The three principal objectives used to develop Signalling Solutions Limited’s (SSL’s) integr8 solution are:
- To deliver a scheme for a reduced Signalling Equivalent Unit (SEU) cost when compared with a scheme using ‘traditional’ processes.
- To demonstrate a whole life
- It is future ready for later migration to ETCS.
The architecture adopted by SSL is based on ‘signalling islands’. On a line such as Ely to Norwich, SSL’s pilot scheme, the line can be divided into clusters of signalling equipment, generally based around stations. Some have level crossings attached to them, some have switches and crossings, but each cluster is essentially an ‘island’. Ely to Norwich contains ten such islands, which are connected to each other and to the control centre at Cambridge using the Network Rail Fixed Telecoms Network (FTN).
At the heart of the system is the Smartlock 400T interlocking developed and manufactured by parent company Alstom and supplied by SSL. The Central Interlocking (CIXL) contains partitioned data, thereby creating a number of Virtual Interlockings (VIXL), each used to control one island. The application software used by the interlocking is conventional Solid State Interlocking (SSI) data, enabling existing data production techniques to be used. However, because of the modular nature of the scheme, the data can be assembled from pre-constructed library blocks of data instead of starting from scratch, reducing production costs.
Train detection will be achieved using axle counters with the Axle Counter Evaluator (ACE) situated at Cambridge. Also at Cambridge, an Integrated Electronic Control Centre (IECC) Scaleable system developed by Delta Rail will be used by the signallers to control the line, building on the previous success of ‘classic’ IECC but with a significantly reduced amount of hardware. The new system is built on an industrial hardware platform using software modules to provide the required level of functionality and size. This includes being able to close down workstations at night and transfer control to other signallers, so allowing manning levels to match traffic density.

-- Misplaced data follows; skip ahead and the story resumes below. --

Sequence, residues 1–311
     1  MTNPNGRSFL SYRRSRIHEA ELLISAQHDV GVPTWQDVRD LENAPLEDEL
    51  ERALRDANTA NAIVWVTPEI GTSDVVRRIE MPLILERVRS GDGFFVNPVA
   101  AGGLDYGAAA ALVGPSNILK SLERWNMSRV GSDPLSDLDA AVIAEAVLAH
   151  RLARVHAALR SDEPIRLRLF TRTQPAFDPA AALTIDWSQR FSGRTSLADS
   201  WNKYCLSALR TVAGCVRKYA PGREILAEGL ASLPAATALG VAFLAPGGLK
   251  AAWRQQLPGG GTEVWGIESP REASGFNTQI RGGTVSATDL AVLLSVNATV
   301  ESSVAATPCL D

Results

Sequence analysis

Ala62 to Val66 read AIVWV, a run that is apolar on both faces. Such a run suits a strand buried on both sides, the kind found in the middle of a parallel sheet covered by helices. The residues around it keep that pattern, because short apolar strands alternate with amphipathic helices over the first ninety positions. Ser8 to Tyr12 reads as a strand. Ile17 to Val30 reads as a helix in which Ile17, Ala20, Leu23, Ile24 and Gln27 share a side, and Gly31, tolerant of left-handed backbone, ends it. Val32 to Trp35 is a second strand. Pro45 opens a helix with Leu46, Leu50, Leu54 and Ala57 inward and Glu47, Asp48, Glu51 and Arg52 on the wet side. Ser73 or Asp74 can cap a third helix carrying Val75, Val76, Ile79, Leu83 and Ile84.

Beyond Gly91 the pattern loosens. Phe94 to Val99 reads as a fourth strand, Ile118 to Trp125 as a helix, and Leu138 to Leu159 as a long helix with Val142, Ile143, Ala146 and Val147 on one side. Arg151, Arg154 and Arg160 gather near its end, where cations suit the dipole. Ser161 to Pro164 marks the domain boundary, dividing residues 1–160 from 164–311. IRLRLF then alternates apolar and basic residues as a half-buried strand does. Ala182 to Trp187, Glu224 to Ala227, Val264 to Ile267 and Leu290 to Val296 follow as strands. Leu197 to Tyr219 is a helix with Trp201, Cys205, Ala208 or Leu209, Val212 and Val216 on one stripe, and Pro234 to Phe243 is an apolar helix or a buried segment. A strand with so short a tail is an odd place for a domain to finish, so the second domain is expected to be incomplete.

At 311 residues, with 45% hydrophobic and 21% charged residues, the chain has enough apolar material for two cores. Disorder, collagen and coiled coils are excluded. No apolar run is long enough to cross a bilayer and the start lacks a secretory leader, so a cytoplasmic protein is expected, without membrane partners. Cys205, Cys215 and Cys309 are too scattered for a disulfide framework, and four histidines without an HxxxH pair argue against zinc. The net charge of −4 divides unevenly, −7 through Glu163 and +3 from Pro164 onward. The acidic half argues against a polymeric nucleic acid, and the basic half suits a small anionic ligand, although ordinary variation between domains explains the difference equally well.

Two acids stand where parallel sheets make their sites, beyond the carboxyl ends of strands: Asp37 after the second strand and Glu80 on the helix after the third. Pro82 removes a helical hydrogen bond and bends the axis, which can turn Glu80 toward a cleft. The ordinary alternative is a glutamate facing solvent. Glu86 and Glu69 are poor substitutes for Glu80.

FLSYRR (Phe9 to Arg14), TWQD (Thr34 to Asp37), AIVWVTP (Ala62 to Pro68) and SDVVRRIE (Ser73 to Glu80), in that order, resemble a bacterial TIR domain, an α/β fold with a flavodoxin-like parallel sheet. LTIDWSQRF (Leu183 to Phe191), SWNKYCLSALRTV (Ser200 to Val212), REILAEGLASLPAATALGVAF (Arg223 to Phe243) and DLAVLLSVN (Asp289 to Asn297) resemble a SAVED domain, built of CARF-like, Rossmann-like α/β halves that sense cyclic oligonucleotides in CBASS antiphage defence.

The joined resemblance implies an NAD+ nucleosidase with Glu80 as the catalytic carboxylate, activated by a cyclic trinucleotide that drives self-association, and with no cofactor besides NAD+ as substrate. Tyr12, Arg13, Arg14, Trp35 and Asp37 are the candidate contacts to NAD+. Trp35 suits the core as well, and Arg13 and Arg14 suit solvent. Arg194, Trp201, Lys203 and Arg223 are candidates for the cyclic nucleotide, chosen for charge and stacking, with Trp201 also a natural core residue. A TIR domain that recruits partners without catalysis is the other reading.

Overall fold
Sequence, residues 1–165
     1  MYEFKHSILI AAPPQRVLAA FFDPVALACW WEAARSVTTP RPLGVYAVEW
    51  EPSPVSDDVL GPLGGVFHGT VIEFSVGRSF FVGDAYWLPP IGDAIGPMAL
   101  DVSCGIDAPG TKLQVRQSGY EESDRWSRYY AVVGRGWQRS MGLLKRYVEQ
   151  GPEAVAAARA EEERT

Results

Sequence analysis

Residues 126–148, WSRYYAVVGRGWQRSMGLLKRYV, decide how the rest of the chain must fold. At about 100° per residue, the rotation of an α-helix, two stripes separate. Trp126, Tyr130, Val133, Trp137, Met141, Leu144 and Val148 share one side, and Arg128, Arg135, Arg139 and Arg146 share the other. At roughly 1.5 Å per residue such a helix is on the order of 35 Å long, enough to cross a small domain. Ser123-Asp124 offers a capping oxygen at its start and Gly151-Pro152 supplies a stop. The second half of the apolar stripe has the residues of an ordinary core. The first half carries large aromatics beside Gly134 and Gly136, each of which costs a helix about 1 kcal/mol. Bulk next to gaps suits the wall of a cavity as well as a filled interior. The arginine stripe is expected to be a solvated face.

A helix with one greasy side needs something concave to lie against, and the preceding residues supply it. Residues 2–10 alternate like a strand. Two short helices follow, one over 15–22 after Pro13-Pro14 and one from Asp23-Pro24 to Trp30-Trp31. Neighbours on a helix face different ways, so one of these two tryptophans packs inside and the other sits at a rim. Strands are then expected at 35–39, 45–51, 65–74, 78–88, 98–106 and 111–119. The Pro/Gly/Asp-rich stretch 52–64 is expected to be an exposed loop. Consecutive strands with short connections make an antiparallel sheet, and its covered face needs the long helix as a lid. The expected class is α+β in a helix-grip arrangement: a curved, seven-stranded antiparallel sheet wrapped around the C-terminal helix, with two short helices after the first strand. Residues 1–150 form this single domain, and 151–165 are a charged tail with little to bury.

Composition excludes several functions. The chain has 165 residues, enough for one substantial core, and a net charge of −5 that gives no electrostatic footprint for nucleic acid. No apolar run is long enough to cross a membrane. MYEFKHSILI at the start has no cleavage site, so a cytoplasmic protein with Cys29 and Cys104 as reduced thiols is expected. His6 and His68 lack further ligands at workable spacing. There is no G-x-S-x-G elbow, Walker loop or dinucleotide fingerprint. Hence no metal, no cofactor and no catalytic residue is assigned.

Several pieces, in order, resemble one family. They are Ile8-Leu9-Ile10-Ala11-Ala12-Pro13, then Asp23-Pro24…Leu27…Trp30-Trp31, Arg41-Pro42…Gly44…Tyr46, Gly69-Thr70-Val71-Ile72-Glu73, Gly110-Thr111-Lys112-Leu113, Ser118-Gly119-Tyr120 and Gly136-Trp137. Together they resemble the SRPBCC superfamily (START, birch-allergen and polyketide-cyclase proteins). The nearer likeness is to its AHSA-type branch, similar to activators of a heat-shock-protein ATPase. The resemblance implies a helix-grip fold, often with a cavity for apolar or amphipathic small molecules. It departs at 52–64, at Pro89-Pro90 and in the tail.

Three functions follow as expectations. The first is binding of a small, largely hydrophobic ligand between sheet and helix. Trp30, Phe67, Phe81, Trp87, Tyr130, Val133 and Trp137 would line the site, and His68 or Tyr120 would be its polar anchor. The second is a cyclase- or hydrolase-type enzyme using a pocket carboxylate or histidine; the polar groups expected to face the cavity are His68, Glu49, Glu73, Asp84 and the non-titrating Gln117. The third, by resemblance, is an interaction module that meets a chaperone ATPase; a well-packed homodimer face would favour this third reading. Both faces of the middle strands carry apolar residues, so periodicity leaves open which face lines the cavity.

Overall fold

Each island is controlled by an integr8 equipment building containing the interface to the FTN, the power supplies and the control equipment for each of the signalling objects. For the vast majority of islands on any modular scheme where integr8 is applied, standard equipment rack layouts can be used. Provision has been made for an Up Line rack, a Down Line rack and MCB OD (Obstacle Detection) level crossing racks.
A departure from heavy signal structures on large concrete bases has been achieved by using a lightweight signal development from Dorman. SSL has worked alongside Dorman to ensure all the requirements of integr8 are included within the base unit. Sitting on a screw pile, each pre-wired, pre-tested signal unit also forms the housing for the post and light unit. Once the pile is installed, the base unit is simply wheeled, or skated, to the site and bolted onto the pile. Next, the lightweight post is delivered by two men and lifted into
position. The plug couplers on the base of the unit are connected and the final alignment is set up by adjusting the base unit.
Having assembled the components into a working system at SSL’s Beeston depot to demonstrate the integr8 concept and its operation to more than 300 industry representatives, SSL is now driving to deliver
the pilot scheme. Currently in the detailed design phase, enabling works are being carried out concurrently. At the turn of the year the island equipment buildings (which will already have been assembled and pre-tested off site) will be delivered. The main commissioning events for the scheme take place at the end of June and the end of July 2012.
SSL is confident that, once the approach has been fully ratified, its use will form a cornerstone in the drive to achieve significant reductions in the delivery costs of signalling projects.